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sk8er123
Apr 19, 2012, 04:38 PM
Ok I have a question: why does a Powermac Quad Core 2.5 GHz get a benchmark score of 3284 and a 2011 Macbook Pro gets 5900. Shouldn't the powermac get higher since it is QUAD core not dual like the macbook AND 2.5 ghz not 2.3 like the macbook. Also I plan on getting a quad powermac, how high do you think I can get the xbench score by maxing out as much as I can?:) Thanks



thorns
Apr 19, 2012, 05:06 PM
Because the G5 CPU and periphery is from '05/'06 and the Intel stuff is ca. 6 months old. Look up Moore's Law.

tayloralmond
Apr 19, 2012, 05:48 PM
Ok I have a question: why does a Powermac Quad Core 2.5 GHz get a benchmark score of 3284 and a 2011 Macbook Pro gets 5900. Shouldn't the powermac get higher since it is QUAD core not dual like the macbook AND 2.5 ghz not 2.3 like the macbook. Also I plan on getting a quad powermac, how high do you think I can get the xbench score by maxing out as much as I can?:) Thanks

I generally get around 3700 on my Quad in 64bit mode on GeekBench. It's unlikely you'll ever get much higher than that. For the averages, go check out GeekBench's website and they show average benchmark scores for each specific model. 3284 is a pretty average score in 32bit mode. If you want to raise your score, make sure you have all other programs closed when you run the test, then just let the computer sit for a couple minutes and I bet you'll get a higher score.

EDIT: I misread your post. I thought you ran the test. Whoops lol.

macdatadrive
Apr 19, 2012, 10:01 PM
I wouldn't worry about it too much - my white unibody C2D Macbook (late '09) only comes in at 3148.
So the PMG5 is faster than this.

KurtangleTN
Apr 21, 2012, 06:07 AM
The Core i series has been a breakthrough for Intel. While since the original C2D there have been incremental upgrades this was a true breakthrough.

To put it in perspective the cheapest MBA at $999 will outbench ANY PPC Mac ever made, every Macbook (regular) ever made, every Macbook Pro prior to 2010, every Mac mini prior to the recent model, every iMac as recent as late as 2009 (only the highest end 2009 27" beats it out too), and most shockingly the original Mac Pro in any configuration, including the Quad 3.00ghz Xeon that was king until 2008.

That also means the $600 Mac Mini will outbench all of those computers as well.

Of course this just tests CPU.. no graphical performance, no hard drive performance.. etc.

Still, it's pretty amazing to think. I remember a post just 3-4 years ago asking if the original Mac Pro would still be a beast in 10 years.. although I knew technology would catch up to it. I didn't think in less than half that time we'd have our lowest end computers outbenching it.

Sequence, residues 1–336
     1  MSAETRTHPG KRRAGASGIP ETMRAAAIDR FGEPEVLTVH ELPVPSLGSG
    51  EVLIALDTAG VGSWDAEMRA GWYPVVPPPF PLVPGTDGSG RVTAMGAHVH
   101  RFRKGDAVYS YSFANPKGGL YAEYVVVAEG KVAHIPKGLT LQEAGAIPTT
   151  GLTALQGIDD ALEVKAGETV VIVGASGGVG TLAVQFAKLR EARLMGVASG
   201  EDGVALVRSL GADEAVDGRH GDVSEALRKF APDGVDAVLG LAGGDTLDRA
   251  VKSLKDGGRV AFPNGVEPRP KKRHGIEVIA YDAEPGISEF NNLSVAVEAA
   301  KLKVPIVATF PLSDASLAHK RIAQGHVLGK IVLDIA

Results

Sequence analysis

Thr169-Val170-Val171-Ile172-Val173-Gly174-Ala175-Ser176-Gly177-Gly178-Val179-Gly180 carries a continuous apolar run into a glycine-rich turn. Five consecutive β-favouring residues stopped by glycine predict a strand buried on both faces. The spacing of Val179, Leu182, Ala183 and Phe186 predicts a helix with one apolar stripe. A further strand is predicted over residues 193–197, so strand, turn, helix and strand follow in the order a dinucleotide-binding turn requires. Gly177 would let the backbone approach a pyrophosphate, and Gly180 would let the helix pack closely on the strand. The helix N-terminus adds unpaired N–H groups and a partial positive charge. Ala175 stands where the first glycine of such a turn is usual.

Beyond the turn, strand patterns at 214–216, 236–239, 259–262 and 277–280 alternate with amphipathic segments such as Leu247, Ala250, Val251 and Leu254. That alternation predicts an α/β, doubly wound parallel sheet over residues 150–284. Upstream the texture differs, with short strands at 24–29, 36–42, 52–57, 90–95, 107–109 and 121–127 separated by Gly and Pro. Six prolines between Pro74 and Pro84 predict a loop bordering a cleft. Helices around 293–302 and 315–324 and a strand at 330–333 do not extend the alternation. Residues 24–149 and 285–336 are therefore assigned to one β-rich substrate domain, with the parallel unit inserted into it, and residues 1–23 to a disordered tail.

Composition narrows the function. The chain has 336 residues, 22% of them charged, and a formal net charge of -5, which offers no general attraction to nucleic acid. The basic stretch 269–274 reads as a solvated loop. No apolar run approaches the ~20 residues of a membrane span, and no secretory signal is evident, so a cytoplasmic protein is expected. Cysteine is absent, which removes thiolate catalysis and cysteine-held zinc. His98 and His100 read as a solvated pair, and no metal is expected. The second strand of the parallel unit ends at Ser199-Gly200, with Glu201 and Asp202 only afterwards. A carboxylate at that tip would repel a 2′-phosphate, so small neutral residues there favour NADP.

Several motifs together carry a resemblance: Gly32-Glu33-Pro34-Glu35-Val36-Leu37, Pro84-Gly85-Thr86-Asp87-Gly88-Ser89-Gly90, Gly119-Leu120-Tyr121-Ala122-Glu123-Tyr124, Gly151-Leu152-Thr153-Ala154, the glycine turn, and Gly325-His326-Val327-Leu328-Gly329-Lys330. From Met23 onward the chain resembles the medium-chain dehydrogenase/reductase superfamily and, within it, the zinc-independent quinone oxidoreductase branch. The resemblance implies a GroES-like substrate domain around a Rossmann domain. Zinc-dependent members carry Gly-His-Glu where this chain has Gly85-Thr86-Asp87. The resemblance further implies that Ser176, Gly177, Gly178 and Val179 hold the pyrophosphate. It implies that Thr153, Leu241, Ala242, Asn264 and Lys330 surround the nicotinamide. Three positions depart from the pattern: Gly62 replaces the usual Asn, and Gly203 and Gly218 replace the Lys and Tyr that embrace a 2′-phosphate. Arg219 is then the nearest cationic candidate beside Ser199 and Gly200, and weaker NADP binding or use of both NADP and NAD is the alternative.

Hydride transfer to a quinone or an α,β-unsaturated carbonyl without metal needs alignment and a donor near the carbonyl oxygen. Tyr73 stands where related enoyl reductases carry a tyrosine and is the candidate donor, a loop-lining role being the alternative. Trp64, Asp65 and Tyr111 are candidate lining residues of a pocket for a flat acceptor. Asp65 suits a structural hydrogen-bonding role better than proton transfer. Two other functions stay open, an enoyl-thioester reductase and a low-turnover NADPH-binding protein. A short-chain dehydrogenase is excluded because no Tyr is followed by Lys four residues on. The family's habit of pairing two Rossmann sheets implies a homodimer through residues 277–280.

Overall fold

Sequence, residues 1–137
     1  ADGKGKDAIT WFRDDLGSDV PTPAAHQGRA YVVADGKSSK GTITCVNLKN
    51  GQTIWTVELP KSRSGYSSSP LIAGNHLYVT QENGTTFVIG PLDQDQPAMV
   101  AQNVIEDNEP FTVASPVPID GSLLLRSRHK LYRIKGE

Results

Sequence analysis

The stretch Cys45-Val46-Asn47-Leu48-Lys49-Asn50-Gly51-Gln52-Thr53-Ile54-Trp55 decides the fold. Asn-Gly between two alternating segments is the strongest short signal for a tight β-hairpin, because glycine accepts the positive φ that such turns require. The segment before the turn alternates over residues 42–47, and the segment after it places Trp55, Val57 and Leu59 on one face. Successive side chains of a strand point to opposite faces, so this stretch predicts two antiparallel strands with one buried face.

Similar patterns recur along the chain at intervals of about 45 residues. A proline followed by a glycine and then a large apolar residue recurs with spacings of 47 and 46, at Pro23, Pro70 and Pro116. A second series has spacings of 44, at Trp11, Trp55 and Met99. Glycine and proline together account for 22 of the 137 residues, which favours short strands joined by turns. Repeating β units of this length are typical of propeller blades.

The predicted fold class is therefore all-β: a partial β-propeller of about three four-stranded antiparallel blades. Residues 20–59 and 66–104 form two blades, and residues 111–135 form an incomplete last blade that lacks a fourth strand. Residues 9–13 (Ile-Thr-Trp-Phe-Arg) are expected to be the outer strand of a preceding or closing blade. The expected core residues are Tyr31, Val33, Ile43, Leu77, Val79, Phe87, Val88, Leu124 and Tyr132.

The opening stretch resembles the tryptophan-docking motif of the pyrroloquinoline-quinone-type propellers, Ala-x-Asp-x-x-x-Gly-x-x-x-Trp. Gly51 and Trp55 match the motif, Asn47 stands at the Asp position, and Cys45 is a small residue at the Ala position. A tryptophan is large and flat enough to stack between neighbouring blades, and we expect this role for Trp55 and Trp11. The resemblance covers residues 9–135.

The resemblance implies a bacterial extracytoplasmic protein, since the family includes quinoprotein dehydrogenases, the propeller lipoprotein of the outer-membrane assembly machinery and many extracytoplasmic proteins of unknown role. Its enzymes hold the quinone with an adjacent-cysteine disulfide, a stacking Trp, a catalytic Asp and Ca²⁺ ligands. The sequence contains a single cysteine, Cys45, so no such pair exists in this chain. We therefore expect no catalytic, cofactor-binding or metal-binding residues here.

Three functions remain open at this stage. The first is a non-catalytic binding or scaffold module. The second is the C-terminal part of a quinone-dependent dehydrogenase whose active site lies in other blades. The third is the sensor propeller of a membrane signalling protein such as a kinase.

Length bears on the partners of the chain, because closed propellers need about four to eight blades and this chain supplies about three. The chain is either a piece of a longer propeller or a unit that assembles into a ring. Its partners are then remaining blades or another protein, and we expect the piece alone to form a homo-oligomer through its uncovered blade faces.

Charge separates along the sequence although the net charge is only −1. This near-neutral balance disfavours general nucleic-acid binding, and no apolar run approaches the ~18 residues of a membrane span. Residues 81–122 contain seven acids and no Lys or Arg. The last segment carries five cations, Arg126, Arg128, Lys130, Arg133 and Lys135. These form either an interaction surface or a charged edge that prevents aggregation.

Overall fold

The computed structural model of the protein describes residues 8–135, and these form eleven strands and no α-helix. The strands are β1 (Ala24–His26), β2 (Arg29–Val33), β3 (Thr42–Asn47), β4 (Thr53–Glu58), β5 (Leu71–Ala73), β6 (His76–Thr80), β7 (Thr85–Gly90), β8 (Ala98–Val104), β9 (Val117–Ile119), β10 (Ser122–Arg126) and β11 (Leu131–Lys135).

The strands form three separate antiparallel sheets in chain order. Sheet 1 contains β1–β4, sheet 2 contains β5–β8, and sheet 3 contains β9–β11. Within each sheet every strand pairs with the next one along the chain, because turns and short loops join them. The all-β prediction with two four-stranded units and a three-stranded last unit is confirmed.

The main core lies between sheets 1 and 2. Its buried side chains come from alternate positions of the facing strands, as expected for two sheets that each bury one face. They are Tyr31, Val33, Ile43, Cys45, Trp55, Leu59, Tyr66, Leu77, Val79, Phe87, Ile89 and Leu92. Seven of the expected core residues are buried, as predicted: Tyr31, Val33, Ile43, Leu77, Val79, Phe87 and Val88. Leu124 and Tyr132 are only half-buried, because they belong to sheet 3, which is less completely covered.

barkmonster
Apr 24, 2012, 11:36 PM
You 'd be better off picking up a used Intel Mac Mini from 2009 than a G5. An even earlier model with a Core 2 duo might suit you depending on your needs too and that's even cheaper still.

I'm still on a G4 at present but the used prices mean I can get a system that runs Lion, handles dual screens, can be upgraded to 8Gb for peanuts, doesn't consume much in the way of watts, supports SATA 2 drives at full speed (handy for SSDs) and isn't obsolete.

For comparison:-

8Gb Crucial RAM

Quad G5: 91.18 VS (2009) Mac Mini: 34.79

Used prices (based on eBay completed listing search)

Quad G5: 300 VS (2009) Mac Mini: 320

Also the G5 is liquid cooled and only offers 1 internal drive bay in addition to the system drive so either way, you'd have to go the external route to add any kind of backup such as a NAS drive etc...

burnout8488
Apr 25, 2012, 01:30 AM
You have a lot to learn, grasshopper.

throAU
Apr 25, 2012, 01:47 AM
The Core i series has been a breakthrough for Intel. While since the original C2D there have been incremental upgrades this was a true breakthrough.


Yup. Whilst the core 2 was a breakthrough for power consumption, the core I series are again a quantum leap ahead of the core 2.

Even a core i3 dual core is faster at many things than a core 2 quad of similar clock speed - and the core 2 wasn't ever a slow CPU in its day (which was after the g5 from memory)

CPU architecture moves on. The g5 may be quad core, but those cores are very old and don't have a lot of instructions in hardware to speed up common tasks.

Jethryn Freyman
Apr 25, 2012, 04:14 AM
Keep in mind that it's not all about processor speed... for example, even if the MBA can beat a Mac Pro in some CPU tests, its' graphics power is nowhere near the same level. Nor is upgradability, RAM capacity, etc.

KurtangleTN
Apr 25, 2012, 11:57 PM
Yup. Whilst the core 2 was a breakthrough for power consumption, the core I series are again a quantum leap ahead of the core 2.

Even a core i3 dual core is faster at many things than a core 2 quad of similar clock speed - and the core 2 wasn't ever a slow CPU in its day (which was after the g5 from memory)

CPU architecture moves on. The g5 may be quad core, but those cores are very old and don't have a lot of instructions in hardware to speed up common tasks.

The Core Duo series was also a big breakthrough in performance too. It blew away the P4s and the M series that it replaced. On the Apple side it was of course huge too. Every single model received a massive upgrade in CPU performance. The G4s were so long in the tooth by the end there.

sk8er123
Apr 26, 2012, 06:28 AM
Thank you for all of the replies. They were very helpful. I understand now that it is not just the speed of the processor. THANKS:apple: